The New Riders came on after the breakâJerry on pedal steel, Mickey on drums, David Nelson on electric guitar, Marmaduke on lead vocal and acoustic guitar, and Dave Torbert on bass. They opened with âSix Days on the Roadâ and that set the pace for a rolling set of country rock that probably sounded a lot like the Perkins Brothers when Carl was working honkytonks around Jackson, Tennessee. Except that Carl Perkins never had a drummer as intense and Mickey Hart, and while Jerry was most often tastefully traditional on the pedal steel, he allowed himself some freakouts banshee-style seldom heard below the Mason-Dixon line. They ended with âHonky Tonk Womenâ, which was a gas; Keith Richard, from a film clip in the light show, watched them without cracking a smile.
Then it was time for the Grateful Dead, and everyone was on their feet moving as they began with âDancing in the Streetâ. After that came a lovely âMama Triedâ, and then Pigpen took it away with an all-out dramatic rendition of âItâs a Manâs, Manâs Worldâ. Out of that into âNot Fade Awayâ and it was getting past one thirty; Jerry was still going strong after four hours on three instruments, but the Fillmore floor had gotten to us, and we wandered out with the Bo-Diddley-by-way-of-Buddy-Holly beat pounding on and on. It wasnât one of those weird nights when, acid-blitzed, they gushed out music as hypnotic energy; it was more legible and, if not as spellbinding, more open music.
Those weird nights are surely not gone forever, but the Dead are a bit more careful these days. "Altamont showed us that we donât want to keep people up that road anymore," Jerry said before the show. "Altamont taught us to be more cautious, to realise and respect the boundaries of our power and our space." The Dead never called themselves leaders, but they were high-energy promoters of the psychedelic revolution. On one hand, they now know that itâs not going to come as quickly as they thought; on the other, they know it is already too big for them to direct. They are now ready to be just helpers, like the rest of us. "At last the pressureâs off," said Jerry.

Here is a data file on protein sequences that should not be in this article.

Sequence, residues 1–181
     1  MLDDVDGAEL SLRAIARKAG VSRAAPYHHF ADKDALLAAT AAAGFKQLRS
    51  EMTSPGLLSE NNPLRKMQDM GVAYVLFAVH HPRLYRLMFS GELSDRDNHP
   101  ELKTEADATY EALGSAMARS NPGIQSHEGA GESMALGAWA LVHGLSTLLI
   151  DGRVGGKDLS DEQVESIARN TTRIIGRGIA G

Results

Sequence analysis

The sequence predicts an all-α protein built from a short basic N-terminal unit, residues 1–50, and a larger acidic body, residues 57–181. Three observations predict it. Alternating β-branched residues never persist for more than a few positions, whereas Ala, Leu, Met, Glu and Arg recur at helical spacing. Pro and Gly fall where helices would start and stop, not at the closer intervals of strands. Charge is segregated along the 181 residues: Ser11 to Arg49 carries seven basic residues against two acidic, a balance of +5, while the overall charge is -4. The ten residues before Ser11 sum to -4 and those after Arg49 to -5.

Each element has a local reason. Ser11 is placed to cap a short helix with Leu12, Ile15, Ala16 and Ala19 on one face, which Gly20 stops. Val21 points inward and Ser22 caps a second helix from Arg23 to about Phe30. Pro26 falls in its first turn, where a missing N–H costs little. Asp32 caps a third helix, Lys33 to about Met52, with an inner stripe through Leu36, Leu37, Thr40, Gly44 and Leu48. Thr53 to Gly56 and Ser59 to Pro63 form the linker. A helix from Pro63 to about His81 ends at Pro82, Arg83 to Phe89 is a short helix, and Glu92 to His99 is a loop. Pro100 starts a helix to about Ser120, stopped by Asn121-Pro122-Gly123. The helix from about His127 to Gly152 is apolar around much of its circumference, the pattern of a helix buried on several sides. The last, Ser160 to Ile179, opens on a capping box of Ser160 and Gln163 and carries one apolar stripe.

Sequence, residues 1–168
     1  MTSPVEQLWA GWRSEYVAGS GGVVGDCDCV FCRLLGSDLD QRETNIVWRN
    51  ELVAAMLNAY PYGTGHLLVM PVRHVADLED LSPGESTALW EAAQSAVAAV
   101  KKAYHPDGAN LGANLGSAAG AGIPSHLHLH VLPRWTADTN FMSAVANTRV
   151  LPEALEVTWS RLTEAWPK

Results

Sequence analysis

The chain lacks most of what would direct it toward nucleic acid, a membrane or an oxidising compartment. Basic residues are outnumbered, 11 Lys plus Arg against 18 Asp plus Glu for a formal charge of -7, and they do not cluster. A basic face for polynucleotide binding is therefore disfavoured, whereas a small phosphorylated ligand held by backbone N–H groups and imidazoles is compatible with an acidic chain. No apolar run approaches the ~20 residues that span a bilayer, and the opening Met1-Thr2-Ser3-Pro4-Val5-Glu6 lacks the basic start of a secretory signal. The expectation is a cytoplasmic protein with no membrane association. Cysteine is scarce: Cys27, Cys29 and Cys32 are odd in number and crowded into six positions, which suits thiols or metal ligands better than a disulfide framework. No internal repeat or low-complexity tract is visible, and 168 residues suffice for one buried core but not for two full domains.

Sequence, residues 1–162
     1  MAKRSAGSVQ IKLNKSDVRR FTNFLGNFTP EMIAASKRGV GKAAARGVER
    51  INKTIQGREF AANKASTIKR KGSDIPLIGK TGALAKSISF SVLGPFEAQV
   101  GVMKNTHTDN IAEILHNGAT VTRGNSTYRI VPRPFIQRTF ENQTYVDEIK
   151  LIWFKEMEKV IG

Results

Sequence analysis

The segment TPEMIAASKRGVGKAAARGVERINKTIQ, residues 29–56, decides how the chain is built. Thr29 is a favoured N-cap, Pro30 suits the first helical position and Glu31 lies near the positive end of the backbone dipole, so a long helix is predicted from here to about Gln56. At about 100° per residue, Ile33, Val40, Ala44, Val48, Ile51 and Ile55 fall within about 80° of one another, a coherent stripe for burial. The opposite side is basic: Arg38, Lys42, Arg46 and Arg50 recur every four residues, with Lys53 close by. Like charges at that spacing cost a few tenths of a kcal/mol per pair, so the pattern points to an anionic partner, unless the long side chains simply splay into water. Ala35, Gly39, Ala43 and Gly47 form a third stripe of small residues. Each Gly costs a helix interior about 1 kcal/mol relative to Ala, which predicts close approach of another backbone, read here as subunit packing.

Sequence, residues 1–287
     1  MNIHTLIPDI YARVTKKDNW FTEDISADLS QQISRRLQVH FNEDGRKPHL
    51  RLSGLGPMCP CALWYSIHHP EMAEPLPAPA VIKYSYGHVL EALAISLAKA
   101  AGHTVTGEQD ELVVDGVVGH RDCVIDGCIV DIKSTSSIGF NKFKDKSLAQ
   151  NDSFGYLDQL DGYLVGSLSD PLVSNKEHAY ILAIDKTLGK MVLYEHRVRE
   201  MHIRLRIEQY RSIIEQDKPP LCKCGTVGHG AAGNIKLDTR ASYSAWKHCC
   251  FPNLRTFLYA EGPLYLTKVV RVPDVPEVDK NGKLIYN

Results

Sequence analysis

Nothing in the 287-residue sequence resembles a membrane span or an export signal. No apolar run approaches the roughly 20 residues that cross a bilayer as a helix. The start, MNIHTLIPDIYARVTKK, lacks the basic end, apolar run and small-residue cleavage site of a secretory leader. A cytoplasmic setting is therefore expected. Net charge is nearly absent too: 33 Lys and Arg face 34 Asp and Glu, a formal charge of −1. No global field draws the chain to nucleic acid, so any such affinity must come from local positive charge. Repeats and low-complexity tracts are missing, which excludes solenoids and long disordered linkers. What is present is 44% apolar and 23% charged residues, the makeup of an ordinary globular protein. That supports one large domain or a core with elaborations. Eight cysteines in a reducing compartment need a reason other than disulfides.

He was disturbed, however, about what he calls the "political pseudo-reality that we find when we go out on tour. Dig: thereâs a music festival, but because there are people there, the radicals say, itâs a political festival now, not a music festival. I donât want to take over anybodyâs mind, but I donât want anybody else to take over anybodyâs mind. If a musical experience is forcibly transferred to a political plane, it no longer has the thing that made it attractive. There is something uniquely groovy about the musical experience; it is its own beginning and end. It threatens no one.
"The San Francisco energy of a few years back has become air and spread everywhere. It was the energy of becoming free and so it became free. But the political energy, the Berkeley energy, has assumed a serpentine form, become an armed, burrowing, survival thing. Itâs still on the firebrand âTo the barricades!â trip that I thought we had been through in this century and wouldnât have to will on ourselves again.
"âAccentuate the positiveâ, though, thatâs my motto," Jerry said with a gleam in his eye. "There are more heads very day. Heads are the only people who have ever come to see us, and it used to be that if we played some places, no one would come see us because there werenât any heads in the town. Today there is no place without its hippies. No place."
With that Phil had come, and the band had to start jugginâ, playing for the people and hoping to get them high. "We realised when we started," Jerry had said a few minutes before, "that as a group we were an invention, as new as the first chapter of a novel. We started with nothing to lose. Then suddenly there was something, but always with the agreement that we could go back to nothing if we wanted. So nothing that has ever gone down for the group has ever been real except to the fiction which could be made unreal at any time. A lot of times when we were at that point, we consulted the I Ching, and the change weâve gotten has always said push on. So we have; thereâs not much else we can do until the next change."